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Evaluation of a primary care paramedic STEMI bypass guideline

  • Jonathan L. Kwong (a1), Garry Ross (a2), Linda Turner (a2), Chris Olynyk (a3), Sheldon Cheskes (a4) (a2), Adam Thurston (a3) and P. Richard Verbeek (a2) (a5)...

Abstract

Objective

Limited evidence supports primary care paramedic (PCP) direct transport of ST-segment elevation myocardial infarction (STEMI) patients for percutaneous coronary intervention (PCI). The goal of this study was to evaluate an urban-based PCP STEMI bypass guideline.

Methods

We reviewed consecutive Toronto Paramedic Services call reports between April 7, 2015, and May 31, 2016, regarding STEMI patients identified by PCPs. The primary outcome was patient assignment (stable versus unstable) according to guideline criteria. Secondary outcomes were the proportion of PCP-transported patients who had an indication for an advanced care intervention (ACI) or who received an ACI when PCPs rendezvoused with an advanced care paramedic (ACP). Lastly, we reviewed prehospital outcomes of cardiac arrest patients and calculated the difference in transport intervals between direct PCP bypass and a PCI-centre and predicted transport interval to the closest emergency department (ED).

Results

Of 361 patients, 232 were PCP transports and 129 were ACP-rendezvous transports. There was a significant difference in the distribution of stable and unstable patients between PCPs and ACPs (p<0.001). For PCP patients, 21/232 (9.1%) had indications for an ACI, whereas 34/129 (26.4%) ACP patients received an ACI. Eleven patients experienced cardiac arrest; 10 were successfully resuscitated (5 of these by PCPs). The median difference between direct PCP bypass and a PCI-centre versus transport to the closest ED was 5.53 minutes (IQR=6.71).

Conclusions

We found a significant difference in the distribution of stable and unstable patients and fewer patients with indications for an ACI in PCP patients. This PCP STEMI bypass guideline appears feasible.

Contexte

Il existe peu de données étayant le transport direct, par les ambulanciers paramédicaux - soins primaires (PSP), de patients ayant subi un infarctus du myocarde avec sus-décalage du segment ST (STEMI) vers un centre en vue d’une intervention coronarienne percutanée (ICP).

Objectif

L’étude visait à évaluer une directive sur le transport direct, par les PSP, de patients ayant subi un STEMI vers un centre d’ICP, en milieu urbain.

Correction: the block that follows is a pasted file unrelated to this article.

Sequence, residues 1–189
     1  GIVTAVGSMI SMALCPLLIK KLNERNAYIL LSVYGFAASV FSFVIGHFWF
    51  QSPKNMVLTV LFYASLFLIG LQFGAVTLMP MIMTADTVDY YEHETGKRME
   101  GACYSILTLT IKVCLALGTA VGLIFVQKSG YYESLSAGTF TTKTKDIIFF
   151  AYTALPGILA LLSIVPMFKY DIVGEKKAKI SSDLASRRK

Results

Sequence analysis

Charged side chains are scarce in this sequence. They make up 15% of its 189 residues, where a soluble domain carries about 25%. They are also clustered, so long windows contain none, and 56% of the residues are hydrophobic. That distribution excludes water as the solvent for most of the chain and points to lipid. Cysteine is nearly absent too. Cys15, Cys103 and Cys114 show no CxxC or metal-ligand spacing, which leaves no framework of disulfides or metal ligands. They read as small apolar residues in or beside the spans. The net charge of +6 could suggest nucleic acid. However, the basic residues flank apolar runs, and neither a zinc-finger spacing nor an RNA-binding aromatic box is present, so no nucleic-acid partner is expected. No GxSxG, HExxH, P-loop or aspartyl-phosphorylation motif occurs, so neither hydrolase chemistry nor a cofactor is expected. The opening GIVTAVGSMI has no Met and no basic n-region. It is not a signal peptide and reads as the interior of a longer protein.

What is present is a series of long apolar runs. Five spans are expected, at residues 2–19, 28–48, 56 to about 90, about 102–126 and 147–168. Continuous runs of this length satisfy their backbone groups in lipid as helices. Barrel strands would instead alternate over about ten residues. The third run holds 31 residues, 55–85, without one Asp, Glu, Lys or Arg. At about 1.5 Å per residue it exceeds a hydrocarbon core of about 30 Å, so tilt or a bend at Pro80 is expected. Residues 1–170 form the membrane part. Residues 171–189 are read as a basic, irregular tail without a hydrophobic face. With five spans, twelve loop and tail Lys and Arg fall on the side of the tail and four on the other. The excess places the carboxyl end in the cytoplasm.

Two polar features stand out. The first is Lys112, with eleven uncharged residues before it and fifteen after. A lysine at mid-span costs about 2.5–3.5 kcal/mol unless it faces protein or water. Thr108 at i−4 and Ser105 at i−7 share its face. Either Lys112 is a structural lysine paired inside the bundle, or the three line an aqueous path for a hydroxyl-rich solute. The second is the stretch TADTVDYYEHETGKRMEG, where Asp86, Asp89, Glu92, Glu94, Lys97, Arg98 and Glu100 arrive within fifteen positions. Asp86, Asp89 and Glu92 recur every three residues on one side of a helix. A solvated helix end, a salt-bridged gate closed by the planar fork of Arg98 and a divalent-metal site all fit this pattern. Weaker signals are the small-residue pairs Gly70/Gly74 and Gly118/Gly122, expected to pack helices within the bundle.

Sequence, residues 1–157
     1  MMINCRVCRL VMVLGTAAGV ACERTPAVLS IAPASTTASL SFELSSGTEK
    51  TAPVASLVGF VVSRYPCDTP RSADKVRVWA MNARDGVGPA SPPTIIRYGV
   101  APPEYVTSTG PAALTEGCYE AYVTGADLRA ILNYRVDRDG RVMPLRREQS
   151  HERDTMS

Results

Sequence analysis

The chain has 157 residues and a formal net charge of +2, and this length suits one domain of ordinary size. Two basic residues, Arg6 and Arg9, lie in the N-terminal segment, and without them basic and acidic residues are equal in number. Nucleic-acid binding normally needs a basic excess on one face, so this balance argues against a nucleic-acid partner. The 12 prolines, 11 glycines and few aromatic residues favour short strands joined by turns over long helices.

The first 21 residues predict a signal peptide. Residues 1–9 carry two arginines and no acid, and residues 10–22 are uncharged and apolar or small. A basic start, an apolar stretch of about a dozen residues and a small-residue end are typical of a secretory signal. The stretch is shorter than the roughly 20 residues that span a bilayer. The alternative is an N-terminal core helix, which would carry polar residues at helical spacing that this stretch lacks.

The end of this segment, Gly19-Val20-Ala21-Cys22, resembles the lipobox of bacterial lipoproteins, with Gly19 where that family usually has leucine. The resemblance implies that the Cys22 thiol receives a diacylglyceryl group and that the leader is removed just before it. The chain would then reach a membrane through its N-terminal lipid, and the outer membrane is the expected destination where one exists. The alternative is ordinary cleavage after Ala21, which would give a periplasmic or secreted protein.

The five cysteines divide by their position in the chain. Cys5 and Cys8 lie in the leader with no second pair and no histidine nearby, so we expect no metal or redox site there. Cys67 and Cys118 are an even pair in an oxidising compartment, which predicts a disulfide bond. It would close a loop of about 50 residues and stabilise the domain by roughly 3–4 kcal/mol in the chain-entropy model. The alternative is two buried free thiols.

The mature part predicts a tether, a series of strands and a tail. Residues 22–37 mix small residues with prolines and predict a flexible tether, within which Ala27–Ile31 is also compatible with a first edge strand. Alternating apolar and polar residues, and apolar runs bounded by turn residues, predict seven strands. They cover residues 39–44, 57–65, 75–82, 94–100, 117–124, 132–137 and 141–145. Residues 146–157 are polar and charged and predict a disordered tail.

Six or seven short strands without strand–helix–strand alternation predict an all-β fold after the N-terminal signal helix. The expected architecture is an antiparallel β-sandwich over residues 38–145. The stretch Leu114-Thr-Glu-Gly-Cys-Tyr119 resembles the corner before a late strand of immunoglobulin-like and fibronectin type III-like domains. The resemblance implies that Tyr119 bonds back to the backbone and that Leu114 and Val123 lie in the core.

Méthode

Nous avons passé en revue tous les rapports d’appels consécutifs, reçus par les Toronto Paramedic Services, entre le 7 avril 2015 et le 31 mai 2016, sur des patients ayant subi un STEMI reconnu par les PSP. Le principal critère d’évaluation était l’état du patient (stable ou instable) selon les critères de la directive. Le critère secondaire, lui, consistait en la proportion de patients transportés par les PSP et ayant une indication d’intervention en soins avancés (ISA) ou ayant subi une ISA au lieu de rencontre avec l’ambulancier paramédical - soins avancés (PSA). Enfin, nous avons examiné les résultats des arrêts cardiaques en phase préhospitalière, et calculé les écarts de temps entre le transport direct de patients, par les PSP, vers un centre d’ICP et le temps prévu de transport de patients vers le service des urgences (SU) le plus près.

Résultats

Sur 361 patients, 232 ont été transportés par des PSP et 129, transportés vers un lieu de rencontre avec un PSA. Il y avait un écart significatif dans la répartition des patients stables et des patients instables entre les PSP et les PSA (p<0,001). Parmi les patients transportés par les PSP, 21/232 (9,1 %) avaient une indication d’ISA contre 34/129 (26,4 %) pour les patients transportés par les PSA et soumis à une ISA. Par ailleurs, 11 patients ont fait un arrêt cardiaque et 10 ont été réanimés, dont 5 par les PSP. L’écart médian du temps écoulé entre le transport direct de patients, par les PSP, vers un centre d’ICP et le transport de patients vers le SU le plus près était de 5,53 minutes (écart interquartile=6,71).

Conclusions

Un écart significatif a été relevé dans la répartition des patients stables et des patients instables, et il y avait moins de patients ayant une indication d’ISA chez les patients transportés par les PSP. La directive sur le transport direct, par les PSP, de patients ayant subi un STEMI vers un centre spécialisé semble donc applicable.

Copyright

Corresponding author

Correspondence to: Dr. P. Richard Verbeek, Sunnybrook Centre for Prehospital Medicine, 77 Brown’s Line, Suite 100, Toronto, ON M8W 3S2; Email: richard.verbeek@sunnybrook.ca

References

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